Well, yes, they sure can. You can apply filter after filter to your RAW or even JPG files and end up with an image that can look like it was taken on large format glass plates, crisp 1950s black and white, or off tinited/contrasty 1970s film, or more recent professional films like the Velvia/Provia from Fuji, KodaChrome from Kodak or even Ilford (my favourite). When editing video, you can get the film look with a few Adobe After Effects settings or a grain filter and a quick tweak of your shadows and highlights. On a purely technical basis, it is nearly impossible to tell the difference.
Q: When was this shot taken?
A: January 2008, on a Canon 400d. As a JPG. Thanks to Lightroom I have made the tones and general image look like it was a vintage black and white. And there is a place for doing that.
But there comes my issue with it. There is no skill in the images being taken.
When I started playing with photography, I think it was with a Polaroid Spirit 600. I remember getting it as a present when I was maybe about 7? The films were ultra expensive, £10 each (I was living in the UK at the time), and you only got 10 small shots! You see with a Polaroid, as it is a direct positive system, the camera’s film bay has to accomodate a full size print, because that film will become your print. It forced me to think a lot about the photos I was taking. I was always thinking about the cost, and I had to continually be mindful I wouldn’t waste an image with something I really didn’t want. Moving onto 35mm, the idea of the cost was still there. If I only had 1 roll of 36 or 24 that had to last a week, I had to really think about every shot I wanted. This is why, I think photographers were more skilled when film ruled. The film look could well be called better photos. Don’t believe me? Well, how many pro photographers, or amateurs with DSLRs that can shoot 10 or more frames a second do you see snapping away continually, ratting off 50 or more shots of one stationery item? Even in sport photography, to preserve film, you’d never use one whole roll of film using a rapid fire to try and get a shot of the goal being kicked or horse jumping at the right moment.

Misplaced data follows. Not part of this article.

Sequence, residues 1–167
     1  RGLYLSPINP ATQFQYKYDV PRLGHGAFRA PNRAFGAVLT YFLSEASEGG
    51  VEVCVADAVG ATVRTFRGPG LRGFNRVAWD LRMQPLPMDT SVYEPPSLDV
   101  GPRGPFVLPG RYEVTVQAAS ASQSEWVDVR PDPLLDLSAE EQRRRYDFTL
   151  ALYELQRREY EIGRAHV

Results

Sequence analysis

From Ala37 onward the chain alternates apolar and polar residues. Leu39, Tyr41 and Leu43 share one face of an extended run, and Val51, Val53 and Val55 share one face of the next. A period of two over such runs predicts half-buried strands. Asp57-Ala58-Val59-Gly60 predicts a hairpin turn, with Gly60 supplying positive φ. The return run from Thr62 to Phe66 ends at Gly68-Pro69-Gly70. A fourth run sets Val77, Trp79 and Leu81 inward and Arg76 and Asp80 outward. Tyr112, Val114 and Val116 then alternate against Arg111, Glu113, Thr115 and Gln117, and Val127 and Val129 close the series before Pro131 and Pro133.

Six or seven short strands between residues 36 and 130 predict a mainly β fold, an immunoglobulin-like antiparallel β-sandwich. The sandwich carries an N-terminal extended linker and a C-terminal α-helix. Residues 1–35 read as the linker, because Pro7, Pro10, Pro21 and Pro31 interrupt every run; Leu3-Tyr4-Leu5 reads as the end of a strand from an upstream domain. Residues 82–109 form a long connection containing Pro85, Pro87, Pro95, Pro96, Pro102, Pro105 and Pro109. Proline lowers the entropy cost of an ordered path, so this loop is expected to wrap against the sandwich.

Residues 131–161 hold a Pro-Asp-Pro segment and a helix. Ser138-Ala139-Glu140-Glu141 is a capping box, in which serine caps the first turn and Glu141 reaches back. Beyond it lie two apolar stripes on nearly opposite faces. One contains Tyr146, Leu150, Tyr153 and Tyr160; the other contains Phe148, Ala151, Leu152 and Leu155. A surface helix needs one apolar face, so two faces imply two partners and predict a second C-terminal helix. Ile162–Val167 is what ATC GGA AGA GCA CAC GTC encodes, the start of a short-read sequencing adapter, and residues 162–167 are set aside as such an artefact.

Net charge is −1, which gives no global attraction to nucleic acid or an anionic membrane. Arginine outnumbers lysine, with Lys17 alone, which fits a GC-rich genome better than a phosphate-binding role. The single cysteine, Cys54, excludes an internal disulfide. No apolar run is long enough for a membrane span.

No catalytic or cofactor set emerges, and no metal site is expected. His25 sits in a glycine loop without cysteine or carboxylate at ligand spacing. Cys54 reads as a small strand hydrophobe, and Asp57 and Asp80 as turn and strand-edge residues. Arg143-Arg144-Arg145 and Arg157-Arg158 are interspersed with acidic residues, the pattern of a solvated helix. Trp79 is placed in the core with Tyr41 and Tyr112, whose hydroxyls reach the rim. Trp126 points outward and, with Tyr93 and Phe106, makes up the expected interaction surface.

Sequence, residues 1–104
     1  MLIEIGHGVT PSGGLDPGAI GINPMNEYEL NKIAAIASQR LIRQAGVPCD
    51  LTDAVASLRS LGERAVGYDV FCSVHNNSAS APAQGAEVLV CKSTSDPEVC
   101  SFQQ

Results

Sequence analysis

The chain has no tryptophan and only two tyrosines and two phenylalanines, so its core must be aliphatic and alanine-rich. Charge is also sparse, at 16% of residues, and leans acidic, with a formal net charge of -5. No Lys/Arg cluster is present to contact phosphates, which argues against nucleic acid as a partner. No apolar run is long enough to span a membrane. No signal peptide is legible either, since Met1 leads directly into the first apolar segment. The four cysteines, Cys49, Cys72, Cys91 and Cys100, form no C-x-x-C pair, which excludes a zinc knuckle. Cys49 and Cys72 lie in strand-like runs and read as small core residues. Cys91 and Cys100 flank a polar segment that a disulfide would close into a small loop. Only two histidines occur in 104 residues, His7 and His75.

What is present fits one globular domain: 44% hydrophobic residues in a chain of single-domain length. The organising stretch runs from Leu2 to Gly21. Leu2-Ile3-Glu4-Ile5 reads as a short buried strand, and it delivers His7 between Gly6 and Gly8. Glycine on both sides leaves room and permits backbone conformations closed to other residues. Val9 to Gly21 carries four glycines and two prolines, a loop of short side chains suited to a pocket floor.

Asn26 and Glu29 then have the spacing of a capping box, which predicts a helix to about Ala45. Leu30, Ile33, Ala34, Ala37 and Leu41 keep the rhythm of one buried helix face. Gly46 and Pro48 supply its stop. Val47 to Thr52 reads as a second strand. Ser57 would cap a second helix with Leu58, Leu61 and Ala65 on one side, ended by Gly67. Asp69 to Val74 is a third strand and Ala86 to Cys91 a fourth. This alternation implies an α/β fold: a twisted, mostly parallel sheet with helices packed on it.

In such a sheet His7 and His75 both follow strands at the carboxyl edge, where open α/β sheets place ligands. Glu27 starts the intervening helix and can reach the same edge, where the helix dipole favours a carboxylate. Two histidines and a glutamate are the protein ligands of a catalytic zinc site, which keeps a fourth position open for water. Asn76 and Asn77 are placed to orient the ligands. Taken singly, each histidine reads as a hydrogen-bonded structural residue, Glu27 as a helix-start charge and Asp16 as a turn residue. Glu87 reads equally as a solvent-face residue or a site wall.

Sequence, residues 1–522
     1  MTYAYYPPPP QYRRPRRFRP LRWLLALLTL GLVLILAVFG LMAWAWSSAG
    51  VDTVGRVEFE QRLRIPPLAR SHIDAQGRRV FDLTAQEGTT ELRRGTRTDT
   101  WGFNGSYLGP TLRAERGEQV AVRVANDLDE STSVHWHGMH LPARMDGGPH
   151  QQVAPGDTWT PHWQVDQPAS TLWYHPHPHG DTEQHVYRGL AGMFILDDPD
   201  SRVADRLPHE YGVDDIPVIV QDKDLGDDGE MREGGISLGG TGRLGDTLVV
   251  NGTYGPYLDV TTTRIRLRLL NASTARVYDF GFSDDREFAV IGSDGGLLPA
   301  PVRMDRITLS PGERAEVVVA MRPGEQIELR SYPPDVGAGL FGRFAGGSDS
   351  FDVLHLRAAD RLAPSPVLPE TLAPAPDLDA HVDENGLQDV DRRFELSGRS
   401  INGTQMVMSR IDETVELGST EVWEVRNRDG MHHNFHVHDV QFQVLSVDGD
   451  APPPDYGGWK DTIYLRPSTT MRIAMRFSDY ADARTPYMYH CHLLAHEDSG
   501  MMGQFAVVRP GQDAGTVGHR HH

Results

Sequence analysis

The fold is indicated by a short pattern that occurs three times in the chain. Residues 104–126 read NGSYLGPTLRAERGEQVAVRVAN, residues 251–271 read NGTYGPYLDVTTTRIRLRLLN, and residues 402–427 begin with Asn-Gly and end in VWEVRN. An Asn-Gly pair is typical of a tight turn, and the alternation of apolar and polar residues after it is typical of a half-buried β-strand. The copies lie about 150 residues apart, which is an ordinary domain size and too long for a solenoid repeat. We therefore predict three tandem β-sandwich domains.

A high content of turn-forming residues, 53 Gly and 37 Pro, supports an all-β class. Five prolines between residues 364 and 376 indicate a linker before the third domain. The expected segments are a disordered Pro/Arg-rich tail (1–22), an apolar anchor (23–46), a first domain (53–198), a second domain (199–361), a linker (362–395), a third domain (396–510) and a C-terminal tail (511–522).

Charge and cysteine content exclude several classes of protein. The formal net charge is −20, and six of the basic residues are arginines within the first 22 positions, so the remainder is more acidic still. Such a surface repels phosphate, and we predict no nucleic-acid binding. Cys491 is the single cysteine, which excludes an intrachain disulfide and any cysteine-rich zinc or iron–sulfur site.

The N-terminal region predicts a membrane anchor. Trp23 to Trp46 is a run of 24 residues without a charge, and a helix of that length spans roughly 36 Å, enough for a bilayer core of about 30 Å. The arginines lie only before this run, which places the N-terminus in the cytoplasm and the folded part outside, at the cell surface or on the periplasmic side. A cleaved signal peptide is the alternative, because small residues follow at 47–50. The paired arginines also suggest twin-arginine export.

And, you didn’t always have the luxury of fixing things in post so much. Eg, no Lightroom or similar program to tweak a RAW, fix levels, or straighten a photo. You thought about your photos before they were taken and developed a certain skill set to make sure you fired the camera at the right moment.
So yes, digital shots can be made to look like film, but not really with filters so much. But by developing one’s skills enough to be a better photographer and start with better images, and not relying on the technology to save an average photo.